To mount the splitter to the car, we found these slick, quick removable boat deck hinges on Amazon. Using 6 locations, we mounted these hinges to the splitter with 2 on the main frame, 2 on the spurs, and 2 on the leading edge. The hinges were mounted to the car with 2 on the main frame rails, 2 on the front frame rail horns, and then 2 on the tie down locations, within the bumper’s front opening. We used 5/16” aluminum tubing, with ¼” rod ends to allow for some adjustment of the angle and height of the splitter. Lastly, we added another angle aluminum piece to the back edge of the splitter, with two pieces of aluminum extending rearward to lock in the splitter in place after it was adjusted.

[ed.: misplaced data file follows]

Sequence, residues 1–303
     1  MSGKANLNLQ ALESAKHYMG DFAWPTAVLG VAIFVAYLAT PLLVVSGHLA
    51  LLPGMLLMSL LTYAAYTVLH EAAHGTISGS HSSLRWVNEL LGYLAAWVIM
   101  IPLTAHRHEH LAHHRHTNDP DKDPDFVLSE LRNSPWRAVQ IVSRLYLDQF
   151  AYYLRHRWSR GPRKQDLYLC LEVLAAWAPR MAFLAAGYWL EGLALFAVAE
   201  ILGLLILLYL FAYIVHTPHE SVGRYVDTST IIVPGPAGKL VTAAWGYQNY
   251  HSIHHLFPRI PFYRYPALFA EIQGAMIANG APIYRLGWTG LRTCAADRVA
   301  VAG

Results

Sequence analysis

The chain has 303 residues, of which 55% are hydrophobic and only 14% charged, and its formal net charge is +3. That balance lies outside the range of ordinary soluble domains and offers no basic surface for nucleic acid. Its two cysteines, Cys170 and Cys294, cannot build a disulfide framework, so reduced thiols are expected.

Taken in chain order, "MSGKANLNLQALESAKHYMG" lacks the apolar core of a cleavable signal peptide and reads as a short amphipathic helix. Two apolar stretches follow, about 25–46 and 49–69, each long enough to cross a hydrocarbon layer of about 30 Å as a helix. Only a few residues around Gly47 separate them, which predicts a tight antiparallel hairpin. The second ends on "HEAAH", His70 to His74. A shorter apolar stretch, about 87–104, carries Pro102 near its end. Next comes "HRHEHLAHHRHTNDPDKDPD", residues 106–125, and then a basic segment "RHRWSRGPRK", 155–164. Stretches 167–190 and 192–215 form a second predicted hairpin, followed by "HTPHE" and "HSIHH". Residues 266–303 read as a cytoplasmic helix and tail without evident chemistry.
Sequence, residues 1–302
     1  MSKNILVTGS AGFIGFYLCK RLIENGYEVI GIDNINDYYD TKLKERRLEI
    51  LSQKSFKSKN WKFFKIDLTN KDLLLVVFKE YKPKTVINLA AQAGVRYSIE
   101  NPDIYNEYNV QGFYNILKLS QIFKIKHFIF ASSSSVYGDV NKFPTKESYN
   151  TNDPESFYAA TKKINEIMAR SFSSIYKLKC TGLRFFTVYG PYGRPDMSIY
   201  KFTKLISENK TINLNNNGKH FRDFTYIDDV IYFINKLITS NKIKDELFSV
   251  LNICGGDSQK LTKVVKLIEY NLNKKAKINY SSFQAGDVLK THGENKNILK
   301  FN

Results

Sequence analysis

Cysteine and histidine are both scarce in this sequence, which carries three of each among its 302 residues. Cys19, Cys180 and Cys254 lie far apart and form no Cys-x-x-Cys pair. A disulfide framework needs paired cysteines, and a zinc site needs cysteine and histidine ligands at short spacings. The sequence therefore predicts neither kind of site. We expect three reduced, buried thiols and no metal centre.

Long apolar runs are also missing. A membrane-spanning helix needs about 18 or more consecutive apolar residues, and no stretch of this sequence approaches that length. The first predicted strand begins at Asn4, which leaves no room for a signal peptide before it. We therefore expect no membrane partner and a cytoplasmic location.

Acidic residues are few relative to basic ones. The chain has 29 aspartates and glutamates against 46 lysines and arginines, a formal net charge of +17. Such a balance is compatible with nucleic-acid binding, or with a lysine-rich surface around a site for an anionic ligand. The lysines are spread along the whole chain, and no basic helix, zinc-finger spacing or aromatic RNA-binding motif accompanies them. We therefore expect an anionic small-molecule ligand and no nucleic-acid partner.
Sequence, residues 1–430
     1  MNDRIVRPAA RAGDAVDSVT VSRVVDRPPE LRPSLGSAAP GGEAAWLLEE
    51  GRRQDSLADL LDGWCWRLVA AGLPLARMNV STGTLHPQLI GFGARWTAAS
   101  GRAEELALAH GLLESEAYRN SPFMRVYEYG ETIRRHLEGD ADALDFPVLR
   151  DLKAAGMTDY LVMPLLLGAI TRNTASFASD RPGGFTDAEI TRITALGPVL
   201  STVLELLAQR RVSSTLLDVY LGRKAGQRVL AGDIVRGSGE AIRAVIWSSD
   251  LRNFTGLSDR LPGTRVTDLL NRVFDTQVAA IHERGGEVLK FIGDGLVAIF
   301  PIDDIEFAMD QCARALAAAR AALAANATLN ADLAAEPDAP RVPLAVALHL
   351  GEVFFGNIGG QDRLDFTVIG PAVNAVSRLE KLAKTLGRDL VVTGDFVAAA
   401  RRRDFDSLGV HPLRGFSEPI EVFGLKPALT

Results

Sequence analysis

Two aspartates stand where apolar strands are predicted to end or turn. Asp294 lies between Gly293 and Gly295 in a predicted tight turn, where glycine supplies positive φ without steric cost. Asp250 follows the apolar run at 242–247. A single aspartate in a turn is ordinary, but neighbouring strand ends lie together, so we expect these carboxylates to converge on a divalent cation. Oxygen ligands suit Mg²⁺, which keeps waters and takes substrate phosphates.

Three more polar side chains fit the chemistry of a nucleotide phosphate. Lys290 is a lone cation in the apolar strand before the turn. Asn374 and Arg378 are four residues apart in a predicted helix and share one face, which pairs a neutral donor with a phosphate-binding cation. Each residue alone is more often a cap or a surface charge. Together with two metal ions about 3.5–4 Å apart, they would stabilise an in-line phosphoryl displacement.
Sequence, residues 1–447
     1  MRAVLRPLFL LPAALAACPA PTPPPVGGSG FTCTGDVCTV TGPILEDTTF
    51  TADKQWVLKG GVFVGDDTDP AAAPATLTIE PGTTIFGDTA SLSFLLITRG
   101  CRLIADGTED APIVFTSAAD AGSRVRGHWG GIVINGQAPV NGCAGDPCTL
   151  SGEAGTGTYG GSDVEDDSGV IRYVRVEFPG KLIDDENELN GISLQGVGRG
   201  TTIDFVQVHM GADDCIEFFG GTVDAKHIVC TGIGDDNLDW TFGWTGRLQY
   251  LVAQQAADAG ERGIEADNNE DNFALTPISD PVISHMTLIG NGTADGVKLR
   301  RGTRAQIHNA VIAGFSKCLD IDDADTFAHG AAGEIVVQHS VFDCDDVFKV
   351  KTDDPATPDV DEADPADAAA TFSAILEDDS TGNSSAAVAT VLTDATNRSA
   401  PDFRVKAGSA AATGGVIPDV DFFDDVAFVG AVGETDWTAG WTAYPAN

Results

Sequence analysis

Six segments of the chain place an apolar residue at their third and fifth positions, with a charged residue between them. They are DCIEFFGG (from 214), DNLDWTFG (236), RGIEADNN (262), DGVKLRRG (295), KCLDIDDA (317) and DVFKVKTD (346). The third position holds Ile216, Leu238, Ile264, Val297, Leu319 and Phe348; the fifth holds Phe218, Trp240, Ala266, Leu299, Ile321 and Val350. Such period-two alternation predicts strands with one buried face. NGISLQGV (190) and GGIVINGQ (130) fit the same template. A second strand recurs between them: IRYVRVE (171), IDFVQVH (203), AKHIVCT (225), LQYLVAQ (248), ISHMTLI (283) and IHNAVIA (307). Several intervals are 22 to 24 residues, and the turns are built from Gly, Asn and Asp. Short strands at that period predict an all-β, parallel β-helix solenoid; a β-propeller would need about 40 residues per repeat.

With the splitter mounted, it was easy to see how much the tires extended out of the front bumper and into the freestream of airflow. This is terrible for drag and can create lift where the tire meets the road. We used some simple ABS plastic sheets we had lying around to create tire spats that bolted to the inner bumper and also bolted to the splitter via aluminum angle strips. This had a double benefit of strengthening the outside edge of the splitter, while also keeping the spat out of the way of the tire during cornering. We finally added a cable from the upper edge of the tire spat to the front, far-forward edge of the splitter, one last piece of the puzzle to reduce the chance of rubbing the splitter on the ground under braking or in the corners.